An investigation and discussion on the performance and use of cloud droplet activation parameterisations

- Indicates paper has been withdrawn from meeting
- Indicates an Award Winner
Monday, 5 January 2015
Emma Louise Simpson, University of Manchester, Manchester, United Kingdom; and P. Connolly and G. McFiggans

Cloud droplet number concentration is central to large-scale weather and climate modelling. The benchmark cloud parcel model calculation of aerosol particle growth and activation, by diffusion of vapour to aerosol particles in a rising parcel of air experiencing adiabatic expansion, is too computationally expensive for use in large scale global models. Therefore the process of activation of aerosol particles into cloud droplets is parameterised with an aim to strike the optimum balance between numerical expense and accuracy. Here a summary of a detailed systematic evaluation of four cloud droplet activation parameterisations will be given as well as a discussion on the use of cloud droplet activation parameterisations in large-scale models. Issues that will be considered include: 1. Implementation of parameterisations in models in ways to overcome the issues raised in the evaluation, 2. The current interpretation of parameterisations results and 3. The treatment within models of large unactivated drops that contribute to cloud radiative properties.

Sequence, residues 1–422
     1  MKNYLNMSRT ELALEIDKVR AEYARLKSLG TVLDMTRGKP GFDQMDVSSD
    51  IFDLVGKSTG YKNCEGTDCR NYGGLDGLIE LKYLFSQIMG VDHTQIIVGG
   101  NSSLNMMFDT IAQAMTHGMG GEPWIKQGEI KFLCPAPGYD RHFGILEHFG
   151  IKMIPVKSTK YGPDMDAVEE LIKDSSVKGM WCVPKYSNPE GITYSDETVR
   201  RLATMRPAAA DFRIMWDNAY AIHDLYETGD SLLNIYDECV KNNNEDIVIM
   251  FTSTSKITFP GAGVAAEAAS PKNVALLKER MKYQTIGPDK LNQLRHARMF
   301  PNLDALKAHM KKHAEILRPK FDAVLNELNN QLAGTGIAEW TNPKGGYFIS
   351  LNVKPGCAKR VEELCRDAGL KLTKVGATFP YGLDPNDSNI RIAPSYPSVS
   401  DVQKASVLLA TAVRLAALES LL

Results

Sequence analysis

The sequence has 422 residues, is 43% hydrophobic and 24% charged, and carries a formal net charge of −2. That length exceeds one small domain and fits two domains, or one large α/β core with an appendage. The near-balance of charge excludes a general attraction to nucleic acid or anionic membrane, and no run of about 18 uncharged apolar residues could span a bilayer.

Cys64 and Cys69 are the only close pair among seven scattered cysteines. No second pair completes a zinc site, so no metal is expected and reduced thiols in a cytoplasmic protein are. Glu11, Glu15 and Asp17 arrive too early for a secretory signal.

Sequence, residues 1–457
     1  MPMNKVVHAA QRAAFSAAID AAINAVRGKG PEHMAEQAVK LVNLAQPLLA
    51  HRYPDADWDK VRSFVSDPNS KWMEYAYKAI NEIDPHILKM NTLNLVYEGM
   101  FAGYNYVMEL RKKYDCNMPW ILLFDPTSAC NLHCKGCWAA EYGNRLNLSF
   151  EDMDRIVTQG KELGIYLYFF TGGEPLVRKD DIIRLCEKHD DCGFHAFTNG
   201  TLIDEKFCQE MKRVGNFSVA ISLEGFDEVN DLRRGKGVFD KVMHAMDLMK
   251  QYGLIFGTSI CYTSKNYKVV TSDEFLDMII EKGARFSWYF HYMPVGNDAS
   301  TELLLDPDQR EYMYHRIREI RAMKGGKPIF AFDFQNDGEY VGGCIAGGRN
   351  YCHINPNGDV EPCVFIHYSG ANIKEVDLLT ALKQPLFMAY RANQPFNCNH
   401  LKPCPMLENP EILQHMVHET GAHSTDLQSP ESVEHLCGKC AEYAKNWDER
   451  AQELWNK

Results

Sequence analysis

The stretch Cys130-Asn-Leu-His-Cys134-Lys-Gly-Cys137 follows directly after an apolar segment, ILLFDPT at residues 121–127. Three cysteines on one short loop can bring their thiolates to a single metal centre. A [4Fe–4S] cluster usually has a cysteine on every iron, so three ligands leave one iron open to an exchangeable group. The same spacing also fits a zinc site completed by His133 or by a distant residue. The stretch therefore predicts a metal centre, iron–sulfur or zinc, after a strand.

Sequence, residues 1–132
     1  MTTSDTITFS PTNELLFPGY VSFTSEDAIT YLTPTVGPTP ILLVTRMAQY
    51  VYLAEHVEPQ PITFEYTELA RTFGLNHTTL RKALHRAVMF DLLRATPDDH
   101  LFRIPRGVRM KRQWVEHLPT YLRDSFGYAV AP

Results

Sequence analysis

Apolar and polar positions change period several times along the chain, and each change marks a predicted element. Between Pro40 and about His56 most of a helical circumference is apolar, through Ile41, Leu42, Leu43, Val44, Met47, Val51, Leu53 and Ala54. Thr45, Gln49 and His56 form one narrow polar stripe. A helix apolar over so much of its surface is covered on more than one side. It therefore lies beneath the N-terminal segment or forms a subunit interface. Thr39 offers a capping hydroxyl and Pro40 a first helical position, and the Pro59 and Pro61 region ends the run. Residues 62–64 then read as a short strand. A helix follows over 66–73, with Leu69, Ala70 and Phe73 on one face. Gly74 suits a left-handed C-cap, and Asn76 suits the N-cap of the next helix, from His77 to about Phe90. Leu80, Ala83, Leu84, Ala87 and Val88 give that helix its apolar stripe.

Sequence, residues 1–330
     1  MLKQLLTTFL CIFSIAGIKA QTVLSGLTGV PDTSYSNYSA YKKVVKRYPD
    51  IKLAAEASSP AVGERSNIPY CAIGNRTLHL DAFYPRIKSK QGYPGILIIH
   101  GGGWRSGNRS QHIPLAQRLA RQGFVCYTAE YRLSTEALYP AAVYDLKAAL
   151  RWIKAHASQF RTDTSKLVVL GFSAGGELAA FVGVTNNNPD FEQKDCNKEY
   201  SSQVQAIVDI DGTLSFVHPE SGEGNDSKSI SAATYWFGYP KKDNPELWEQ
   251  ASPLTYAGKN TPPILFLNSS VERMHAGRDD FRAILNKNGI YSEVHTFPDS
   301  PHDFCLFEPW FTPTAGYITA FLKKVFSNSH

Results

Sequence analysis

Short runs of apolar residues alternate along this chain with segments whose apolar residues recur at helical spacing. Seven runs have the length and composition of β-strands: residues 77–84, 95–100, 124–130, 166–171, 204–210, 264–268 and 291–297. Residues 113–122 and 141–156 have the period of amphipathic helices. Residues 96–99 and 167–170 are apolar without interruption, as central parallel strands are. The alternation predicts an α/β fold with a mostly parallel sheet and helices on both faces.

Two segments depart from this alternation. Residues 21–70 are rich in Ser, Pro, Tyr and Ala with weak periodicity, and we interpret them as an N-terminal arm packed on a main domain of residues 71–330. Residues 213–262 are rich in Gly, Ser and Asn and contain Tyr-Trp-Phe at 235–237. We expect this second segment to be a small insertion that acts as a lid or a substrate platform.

Results from the evaluation show that the parameterisations overestimate the fraction of activated drops when the aerosol particle ''median diameter'' is large (between 250 and 2000 nm). This is a result of an infinite ''effective simulation time'' in the parameterisations compared to a prescribed simulation time in the parcel model. This problem arises in the parameterisations because it is assumed that a parcel of air rises to the altitude where maximum supersaturation occurs, regardless of whether this altitude is above cloud top. Such behaviour is problematic because, in some cases, large aerosol can completely suppress the activation of drops. Secondly, it is found that in the dual-mode cases there is a systematic tendency towards underestimation of the fraction of activated drops, which results from the methods used by the parameterisations to approximate the sink of water vapour.

The results from the evaluation will be used to direct a discussion of the use of cloud droplet activation parameterisations in large-scale global and regional models.